A bad tangent

I didn’t hang about after I’d taken the photo of Sir Nigel Gresley coming around the bend (here). I packed my gear, hared down the hill and drove off in a cloud of dust.

I wanted to get some photos of the venerable old gentleman coming in to the terminus, further down the line.

The timetable showed that he stopped at several stations on the way and I’d worked out that, if I was quick, I could make it to the final station before Sir Nigel did.

In fact, I was quicker than I thought – it was a good downhill slope to the car – and I overtook him just before a spot where the road went under the railway.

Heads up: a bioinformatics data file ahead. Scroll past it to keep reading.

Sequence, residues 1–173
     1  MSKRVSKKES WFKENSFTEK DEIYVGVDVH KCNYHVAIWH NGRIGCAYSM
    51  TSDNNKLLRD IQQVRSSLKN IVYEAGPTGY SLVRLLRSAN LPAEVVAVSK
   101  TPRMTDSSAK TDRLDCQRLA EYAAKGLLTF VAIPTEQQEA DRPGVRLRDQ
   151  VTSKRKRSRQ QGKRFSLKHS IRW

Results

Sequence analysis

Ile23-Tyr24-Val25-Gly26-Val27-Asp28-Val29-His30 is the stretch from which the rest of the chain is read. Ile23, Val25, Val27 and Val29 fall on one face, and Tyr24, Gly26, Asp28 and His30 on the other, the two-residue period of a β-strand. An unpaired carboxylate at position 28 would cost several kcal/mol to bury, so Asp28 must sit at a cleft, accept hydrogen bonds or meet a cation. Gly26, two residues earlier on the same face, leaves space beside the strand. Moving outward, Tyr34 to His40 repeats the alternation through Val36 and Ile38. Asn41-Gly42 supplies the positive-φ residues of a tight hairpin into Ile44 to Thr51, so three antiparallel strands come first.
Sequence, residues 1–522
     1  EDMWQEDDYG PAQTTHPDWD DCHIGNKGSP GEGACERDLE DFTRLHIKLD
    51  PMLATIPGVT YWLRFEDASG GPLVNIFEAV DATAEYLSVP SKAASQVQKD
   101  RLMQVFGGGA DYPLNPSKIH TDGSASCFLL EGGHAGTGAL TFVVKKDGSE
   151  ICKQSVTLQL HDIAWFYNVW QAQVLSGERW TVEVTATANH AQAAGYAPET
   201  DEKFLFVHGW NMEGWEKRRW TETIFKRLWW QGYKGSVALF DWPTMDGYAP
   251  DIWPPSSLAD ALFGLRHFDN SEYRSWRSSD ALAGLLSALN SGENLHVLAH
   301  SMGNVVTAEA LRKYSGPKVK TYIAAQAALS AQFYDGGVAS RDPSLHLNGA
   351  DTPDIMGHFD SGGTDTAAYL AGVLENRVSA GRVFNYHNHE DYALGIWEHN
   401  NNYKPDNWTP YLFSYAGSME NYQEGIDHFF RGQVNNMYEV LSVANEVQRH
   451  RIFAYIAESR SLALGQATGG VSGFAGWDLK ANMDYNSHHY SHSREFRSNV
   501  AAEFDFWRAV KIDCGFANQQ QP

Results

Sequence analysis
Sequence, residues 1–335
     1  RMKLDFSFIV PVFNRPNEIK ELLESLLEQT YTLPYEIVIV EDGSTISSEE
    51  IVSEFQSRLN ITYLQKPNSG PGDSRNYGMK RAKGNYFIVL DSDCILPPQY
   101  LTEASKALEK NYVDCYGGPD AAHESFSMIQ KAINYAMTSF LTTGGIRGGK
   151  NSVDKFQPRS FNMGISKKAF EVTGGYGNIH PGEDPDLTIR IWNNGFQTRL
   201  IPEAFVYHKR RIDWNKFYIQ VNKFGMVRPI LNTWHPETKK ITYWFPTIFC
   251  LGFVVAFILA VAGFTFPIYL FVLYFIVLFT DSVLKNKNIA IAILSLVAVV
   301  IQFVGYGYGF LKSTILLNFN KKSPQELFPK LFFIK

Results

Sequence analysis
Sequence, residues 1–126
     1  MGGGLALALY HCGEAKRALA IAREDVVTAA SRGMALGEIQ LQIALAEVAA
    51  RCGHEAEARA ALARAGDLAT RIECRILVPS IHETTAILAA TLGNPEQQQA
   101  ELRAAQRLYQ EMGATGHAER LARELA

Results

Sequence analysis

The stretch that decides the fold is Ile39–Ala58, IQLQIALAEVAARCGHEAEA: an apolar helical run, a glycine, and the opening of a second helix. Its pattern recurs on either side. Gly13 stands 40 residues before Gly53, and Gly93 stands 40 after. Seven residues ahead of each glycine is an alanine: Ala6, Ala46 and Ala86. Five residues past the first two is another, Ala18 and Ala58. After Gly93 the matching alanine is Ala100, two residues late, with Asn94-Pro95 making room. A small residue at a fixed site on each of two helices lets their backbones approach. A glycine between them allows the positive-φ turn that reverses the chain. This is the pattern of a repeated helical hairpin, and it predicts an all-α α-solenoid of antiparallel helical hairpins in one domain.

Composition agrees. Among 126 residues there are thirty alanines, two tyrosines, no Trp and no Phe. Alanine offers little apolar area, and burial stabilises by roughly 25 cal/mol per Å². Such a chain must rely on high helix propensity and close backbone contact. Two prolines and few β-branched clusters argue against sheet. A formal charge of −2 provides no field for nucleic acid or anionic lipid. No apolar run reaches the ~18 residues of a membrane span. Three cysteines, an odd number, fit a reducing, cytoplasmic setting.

Sensing another photo opportunity I pulled in, leaped out and slammed on a medium telephoto lens. I was just in time. Sir Nigel roared past, and this is what I got ...


First, there’s no impression of speed at all. The engine could be standing still.

Second, the composition is boring, with the horizon cutting the picture in half.

But, most annoying to me, is the bad tangent, where the horizon runs precisely through the top of the chimney.

You get a bad tangent when two unrelated edges or lines in a composition just touch one another. Most viewers don’t notice it. But, although they can’t explain why, they find something annoying or displeasing about a picture with a bad tangent.

Ah well ... lousy photo but learning experience.

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